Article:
In late 2018, Meagan Marie was excited about publishing her book Women in Gaming: 100 Professionals of Play, a resource for women interested in a career in the games industry.
She had only started talking with publisher Prima Games about doing the book a year before, but the appeal of the project was enough to offset any concerns about a tight turnaround time.
Speaking with GamesIndustry.biz, Marie explains: "For me it was about highlighting how women have always been involved in the games industry, and highlighting some of the iconic women in the industry people know, all the way up to younger women who are defining and changing the space of video games in the future."
Marie put together 100 profiles covering women from throughout the industry's history, from celebrated designers and entrepreneurs to successful but less known women working in marketing or retail. As if that wasn't work enough to pile on top of her day job managing the Crystal Dynamics community team, Marie also packed the book with various essays and dozens of "A Day in the Life Of" pieces to show aspiring industry entrants just how many different ways there are to be a professional in gaming, whether it be in development, recruiting, journalism or streaming.
"At the time, Prima was interested in expanding primarily beyond strategy guides and into a gaming culture label, and this was basically the first project in that label," Marie says. "Skipping ahead, unfortunately like a week after the book published, Prima found out they were being shut down, which was a surprise to everyone and it resulted in the book flying a little bit under the radar."
"Unfortunately like a week after the book published, Prima found out they were being shut down"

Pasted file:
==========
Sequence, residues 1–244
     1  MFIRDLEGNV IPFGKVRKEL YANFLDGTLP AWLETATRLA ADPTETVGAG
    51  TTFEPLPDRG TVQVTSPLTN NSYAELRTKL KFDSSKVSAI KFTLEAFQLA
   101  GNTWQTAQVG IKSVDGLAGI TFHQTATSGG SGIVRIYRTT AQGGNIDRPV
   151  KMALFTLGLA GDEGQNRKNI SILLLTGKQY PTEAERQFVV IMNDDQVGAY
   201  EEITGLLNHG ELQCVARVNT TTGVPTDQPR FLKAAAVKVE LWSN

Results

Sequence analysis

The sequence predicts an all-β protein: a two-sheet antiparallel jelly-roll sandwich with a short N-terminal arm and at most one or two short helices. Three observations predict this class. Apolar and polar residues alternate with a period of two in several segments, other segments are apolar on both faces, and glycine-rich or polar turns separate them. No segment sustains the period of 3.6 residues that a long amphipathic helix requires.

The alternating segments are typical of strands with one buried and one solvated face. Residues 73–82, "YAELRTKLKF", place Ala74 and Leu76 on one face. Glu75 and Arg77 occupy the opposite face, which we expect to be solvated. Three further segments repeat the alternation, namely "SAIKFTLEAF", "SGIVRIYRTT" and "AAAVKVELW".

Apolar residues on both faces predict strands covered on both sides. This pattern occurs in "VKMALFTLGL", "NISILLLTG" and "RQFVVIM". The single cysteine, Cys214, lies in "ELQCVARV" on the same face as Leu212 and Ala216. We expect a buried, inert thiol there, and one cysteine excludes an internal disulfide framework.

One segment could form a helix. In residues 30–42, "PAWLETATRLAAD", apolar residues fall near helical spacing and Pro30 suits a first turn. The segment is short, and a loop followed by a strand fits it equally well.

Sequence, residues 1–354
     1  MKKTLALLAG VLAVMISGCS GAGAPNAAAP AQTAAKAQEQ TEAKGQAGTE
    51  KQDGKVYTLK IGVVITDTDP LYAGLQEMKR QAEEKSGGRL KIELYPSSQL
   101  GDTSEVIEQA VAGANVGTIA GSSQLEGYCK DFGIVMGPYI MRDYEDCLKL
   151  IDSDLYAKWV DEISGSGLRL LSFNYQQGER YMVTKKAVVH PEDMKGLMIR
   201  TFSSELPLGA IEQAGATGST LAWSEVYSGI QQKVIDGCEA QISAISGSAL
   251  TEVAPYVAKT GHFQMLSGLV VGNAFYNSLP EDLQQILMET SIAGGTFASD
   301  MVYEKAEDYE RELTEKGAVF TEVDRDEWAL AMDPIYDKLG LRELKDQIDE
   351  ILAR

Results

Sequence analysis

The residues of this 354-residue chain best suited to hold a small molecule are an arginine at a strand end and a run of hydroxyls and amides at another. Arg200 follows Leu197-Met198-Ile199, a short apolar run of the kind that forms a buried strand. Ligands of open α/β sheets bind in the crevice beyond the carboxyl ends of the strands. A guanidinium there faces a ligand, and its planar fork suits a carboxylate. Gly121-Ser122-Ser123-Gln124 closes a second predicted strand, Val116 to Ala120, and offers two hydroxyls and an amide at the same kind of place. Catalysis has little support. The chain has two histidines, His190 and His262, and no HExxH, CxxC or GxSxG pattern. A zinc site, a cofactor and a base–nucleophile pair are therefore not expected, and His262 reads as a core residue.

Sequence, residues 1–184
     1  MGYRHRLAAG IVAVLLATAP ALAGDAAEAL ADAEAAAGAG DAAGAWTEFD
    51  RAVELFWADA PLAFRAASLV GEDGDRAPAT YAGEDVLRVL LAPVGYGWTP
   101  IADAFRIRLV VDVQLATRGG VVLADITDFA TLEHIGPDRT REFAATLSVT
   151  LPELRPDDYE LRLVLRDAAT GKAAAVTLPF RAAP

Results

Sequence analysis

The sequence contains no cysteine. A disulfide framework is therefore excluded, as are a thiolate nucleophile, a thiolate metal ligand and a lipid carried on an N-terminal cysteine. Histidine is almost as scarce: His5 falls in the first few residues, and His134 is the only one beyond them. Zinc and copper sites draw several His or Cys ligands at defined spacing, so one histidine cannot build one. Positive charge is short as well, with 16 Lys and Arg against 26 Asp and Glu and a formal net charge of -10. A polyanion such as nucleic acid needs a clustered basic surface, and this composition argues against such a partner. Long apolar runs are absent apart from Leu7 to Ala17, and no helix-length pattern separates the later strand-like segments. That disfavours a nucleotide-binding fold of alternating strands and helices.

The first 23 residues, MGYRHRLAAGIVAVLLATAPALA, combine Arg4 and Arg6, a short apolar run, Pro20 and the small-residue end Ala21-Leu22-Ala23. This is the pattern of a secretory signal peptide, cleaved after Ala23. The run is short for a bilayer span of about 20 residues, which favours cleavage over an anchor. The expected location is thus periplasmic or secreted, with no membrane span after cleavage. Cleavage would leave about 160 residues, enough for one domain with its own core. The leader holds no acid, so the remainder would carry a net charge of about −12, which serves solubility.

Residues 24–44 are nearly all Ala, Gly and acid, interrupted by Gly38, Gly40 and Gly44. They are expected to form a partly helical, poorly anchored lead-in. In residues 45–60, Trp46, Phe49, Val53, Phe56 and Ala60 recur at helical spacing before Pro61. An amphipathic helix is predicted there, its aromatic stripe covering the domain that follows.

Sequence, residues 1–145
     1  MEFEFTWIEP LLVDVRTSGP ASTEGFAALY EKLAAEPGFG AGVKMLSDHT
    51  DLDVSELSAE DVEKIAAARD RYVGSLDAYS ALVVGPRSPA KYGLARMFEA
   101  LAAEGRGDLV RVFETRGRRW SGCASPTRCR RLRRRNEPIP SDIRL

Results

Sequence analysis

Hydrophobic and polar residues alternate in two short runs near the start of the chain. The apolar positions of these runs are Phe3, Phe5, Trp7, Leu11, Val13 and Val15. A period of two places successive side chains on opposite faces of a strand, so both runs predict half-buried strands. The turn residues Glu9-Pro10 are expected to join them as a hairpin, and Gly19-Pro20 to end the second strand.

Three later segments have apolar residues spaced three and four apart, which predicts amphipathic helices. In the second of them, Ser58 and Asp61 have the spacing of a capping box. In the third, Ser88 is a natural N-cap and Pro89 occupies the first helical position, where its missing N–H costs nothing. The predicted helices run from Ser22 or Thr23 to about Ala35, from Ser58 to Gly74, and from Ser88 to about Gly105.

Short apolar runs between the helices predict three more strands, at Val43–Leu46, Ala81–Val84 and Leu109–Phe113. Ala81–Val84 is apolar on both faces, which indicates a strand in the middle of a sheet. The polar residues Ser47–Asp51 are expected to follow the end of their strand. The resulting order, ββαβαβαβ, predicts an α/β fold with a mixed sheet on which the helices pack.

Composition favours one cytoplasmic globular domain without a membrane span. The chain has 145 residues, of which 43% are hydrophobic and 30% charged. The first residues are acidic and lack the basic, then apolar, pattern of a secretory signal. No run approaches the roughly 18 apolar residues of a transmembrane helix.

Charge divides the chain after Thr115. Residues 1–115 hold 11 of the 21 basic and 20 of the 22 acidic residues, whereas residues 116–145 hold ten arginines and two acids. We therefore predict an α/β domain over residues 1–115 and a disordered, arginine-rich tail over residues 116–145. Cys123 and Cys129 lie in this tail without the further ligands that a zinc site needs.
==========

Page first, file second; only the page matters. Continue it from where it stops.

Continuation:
She adds: "It was something we were all very bummed about because we were just starting this journey to do this culture label at Prima. But we all felt very proud that this was one of the last publications that Prima put out before the label closed because it was something we were all so passionate about and proud about, and hoped would really become a resource for the industry."
It would be hard for the book to achieve that goal of being a resource if it were out of print or unavailable, so after a few months, Marie says she approached Prima owner Penguin Random House about purchasing the rights to the book. They were receptive to the idea, but funding was an issue.
Marie says she scoured for funding for a couple years and reached out to a number of parties before floating the idea to Crystal Dynamics.
"I don't know why but I didn't think to ask the studio," Marie says. "I just wanted to try to do this on my own at first, but I should have tried at home. I should have tried with Crystal first because it fits so well with our culture, and they emphatically said 'yes.'"
Crystal Dynamics acquired the rights to the book, and in March released it as a free download on the studio's website.
"My goal with the project was always to try to provide a resource I think I would have appreciated having when I started in the industry," Marie says. "Going free, sharing this and removing that physical barrier to entry for people to be able to download it wherever they are in the world, it was just a no-brainer and made perfect sense. We were all on the same page about it."
"The number one thing I got from women is that it's really easy for us to focus on all the negative elements... And that often gets more attention than celebrating things that women have done"
As Crystal Dynamics co-studio heads Scot Amos and Ron Rosenberg said when they announced the plan to distribute the book for free: "We look forward to seeing how it inspires even more women to thrive at making great games throughout the industry. This is more than just a book to us, it's a personal mission of our company."